Among the many mobile announcements this past week, Nokia’s may have been the most surprising. Since its phone business was bought by Microsoft, it can’t make Nokia-branded handsets until 2016. It can, however, make tablets, and the company introduced one in the Nokia N1.
Based on the size, shape and dimensions, the N1 slate looks much like an iPad mini that runs Android 5.0 Lollipop. Nokia’s Z Launcher, which dynamically surfaces shortcuts to the apps you use most, is also part of the software package. Unlike most readily available Android tablets, the N1 is powered by a quad-core 2.3GHz [company]Intel[/company] Atom Z3580 processor. Expect to see the N1 first available in China — where it is built by Foxconn — for $249 in February, with other regions to follow.
Google’s Nexus 6 is already available and so too is the first factory image for the handset. Google posted the download this week so that you can easily restore the phone back to a factory fresh state if needed.
The software build is slightly different than the one that initially shipped with the Nexus 6, however. I quickly applied the new build to a review unit and didn’t see any major visual changes. However, the native Google Camera app is far more stable with the updated Android 5.0 software build: While reviewing the phone, the Camera crashed far too often. Since applying the update, it hasn’t crashed a single time.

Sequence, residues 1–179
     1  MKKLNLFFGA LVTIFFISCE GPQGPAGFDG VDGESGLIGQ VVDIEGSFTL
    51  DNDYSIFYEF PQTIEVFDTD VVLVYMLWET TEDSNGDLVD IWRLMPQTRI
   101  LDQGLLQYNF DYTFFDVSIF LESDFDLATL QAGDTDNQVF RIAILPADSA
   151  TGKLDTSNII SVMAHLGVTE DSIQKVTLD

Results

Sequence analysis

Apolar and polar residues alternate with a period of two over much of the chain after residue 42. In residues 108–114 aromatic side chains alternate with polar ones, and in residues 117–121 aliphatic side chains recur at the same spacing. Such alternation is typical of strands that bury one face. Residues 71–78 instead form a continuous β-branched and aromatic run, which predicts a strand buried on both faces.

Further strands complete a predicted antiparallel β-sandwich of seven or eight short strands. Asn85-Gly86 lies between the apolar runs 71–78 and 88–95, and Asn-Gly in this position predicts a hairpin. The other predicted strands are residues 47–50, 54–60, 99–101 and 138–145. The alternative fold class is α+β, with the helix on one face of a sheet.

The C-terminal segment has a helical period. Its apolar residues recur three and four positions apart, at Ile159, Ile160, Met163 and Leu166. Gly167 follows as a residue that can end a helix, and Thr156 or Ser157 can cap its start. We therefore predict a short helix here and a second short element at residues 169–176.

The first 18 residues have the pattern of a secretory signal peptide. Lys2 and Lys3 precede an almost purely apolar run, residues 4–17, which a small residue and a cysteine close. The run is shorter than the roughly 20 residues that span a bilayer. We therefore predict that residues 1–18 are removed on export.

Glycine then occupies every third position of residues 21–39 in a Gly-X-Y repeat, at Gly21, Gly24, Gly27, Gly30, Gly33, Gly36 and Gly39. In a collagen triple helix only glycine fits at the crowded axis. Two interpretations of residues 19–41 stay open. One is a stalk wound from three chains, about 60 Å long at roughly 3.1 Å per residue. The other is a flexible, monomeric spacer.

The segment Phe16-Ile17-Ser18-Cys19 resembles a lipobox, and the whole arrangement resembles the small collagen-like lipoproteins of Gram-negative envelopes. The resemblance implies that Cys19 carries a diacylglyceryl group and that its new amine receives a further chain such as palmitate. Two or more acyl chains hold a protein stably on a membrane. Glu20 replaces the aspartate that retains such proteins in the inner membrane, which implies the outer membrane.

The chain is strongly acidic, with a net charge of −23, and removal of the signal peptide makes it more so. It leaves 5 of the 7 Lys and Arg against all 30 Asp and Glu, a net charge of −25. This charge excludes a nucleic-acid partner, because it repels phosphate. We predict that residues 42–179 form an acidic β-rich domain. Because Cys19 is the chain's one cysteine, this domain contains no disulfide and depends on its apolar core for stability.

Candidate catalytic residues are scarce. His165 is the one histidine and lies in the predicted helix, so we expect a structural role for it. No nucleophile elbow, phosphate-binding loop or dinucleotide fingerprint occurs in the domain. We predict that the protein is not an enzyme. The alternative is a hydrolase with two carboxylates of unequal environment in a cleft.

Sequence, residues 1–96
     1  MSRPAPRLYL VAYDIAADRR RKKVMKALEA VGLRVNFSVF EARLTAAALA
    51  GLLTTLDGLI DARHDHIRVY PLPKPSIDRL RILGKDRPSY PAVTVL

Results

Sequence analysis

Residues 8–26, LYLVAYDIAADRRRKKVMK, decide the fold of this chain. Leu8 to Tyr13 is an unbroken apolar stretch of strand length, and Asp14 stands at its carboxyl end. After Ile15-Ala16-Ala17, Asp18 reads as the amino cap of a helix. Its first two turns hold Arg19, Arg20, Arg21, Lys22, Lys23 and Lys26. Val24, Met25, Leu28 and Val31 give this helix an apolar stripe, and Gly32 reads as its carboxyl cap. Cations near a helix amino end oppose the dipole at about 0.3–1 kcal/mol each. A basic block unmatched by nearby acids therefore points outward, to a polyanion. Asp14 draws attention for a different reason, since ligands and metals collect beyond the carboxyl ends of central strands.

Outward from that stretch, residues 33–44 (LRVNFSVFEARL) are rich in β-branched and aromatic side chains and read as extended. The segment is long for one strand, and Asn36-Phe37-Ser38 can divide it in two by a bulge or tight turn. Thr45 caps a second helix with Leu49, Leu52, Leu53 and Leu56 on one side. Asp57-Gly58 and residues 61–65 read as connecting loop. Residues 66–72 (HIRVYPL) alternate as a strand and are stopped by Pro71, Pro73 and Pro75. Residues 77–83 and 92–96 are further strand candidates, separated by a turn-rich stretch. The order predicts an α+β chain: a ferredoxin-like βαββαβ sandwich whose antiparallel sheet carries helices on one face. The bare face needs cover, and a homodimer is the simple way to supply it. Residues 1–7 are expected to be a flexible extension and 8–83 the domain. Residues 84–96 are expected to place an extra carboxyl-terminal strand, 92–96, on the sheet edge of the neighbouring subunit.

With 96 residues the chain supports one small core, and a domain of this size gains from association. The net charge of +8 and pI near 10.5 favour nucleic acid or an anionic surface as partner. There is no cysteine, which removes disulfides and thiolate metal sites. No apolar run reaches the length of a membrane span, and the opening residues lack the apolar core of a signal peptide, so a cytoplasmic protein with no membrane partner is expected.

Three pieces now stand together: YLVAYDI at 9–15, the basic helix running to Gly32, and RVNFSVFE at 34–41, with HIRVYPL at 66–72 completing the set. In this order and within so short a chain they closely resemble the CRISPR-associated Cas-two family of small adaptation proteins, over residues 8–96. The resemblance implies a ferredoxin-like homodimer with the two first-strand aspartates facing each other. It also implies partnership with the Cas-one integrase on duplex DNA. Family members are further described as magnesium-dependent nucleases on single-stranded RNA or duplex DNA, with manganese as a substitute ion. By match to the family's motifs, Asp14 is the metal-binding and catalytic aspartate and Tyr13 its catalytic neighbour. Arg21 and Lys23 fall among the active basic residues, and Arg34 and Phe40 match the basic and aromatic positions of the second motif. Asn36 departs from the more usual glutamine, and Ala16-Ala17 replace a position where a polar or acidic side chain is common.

Although you can’t yet buy an [company]Apple[/company] Watch — it will launch in early 2015 — developers can start building software for the device. Apple released the iOS 8.2 WatchKit SDK this week in beta form.
Developers initially have three choices when coding for the Apple Watch. Glances are simple informational notifications while Actionable Notifications allow for some very limited user interaction. WatchKit apps are also supported by the beta SDK but they’re not standalone apps. Instead, these are extensions of apps built for the iPhone.
Next year, Apple says, the WatchKit SDK will support apps that natively run on the watch instead of mainly on a paired iPhone. The approach reminds me of how Apple handled software for the original iPhone in 2007. That device only ran web apps, not true iOS applications. A year later, Apple brought support for native iOS apps and the App Store.
One of remaining questions I have about the Apple Watch then is: Will it always have an iPhone requirement?
Upon launch that makes sense since it will get its data and apps from a Bluetooth-connected iPhone. With the addition of Wi-Fi support — it’s possible but unconfirmed that the device will have Wi-Fi at launch — and native iOS apps however, the watch could eventually be a standalone wearable instead of an iPhone accessory; something that could broaden the potential market for it.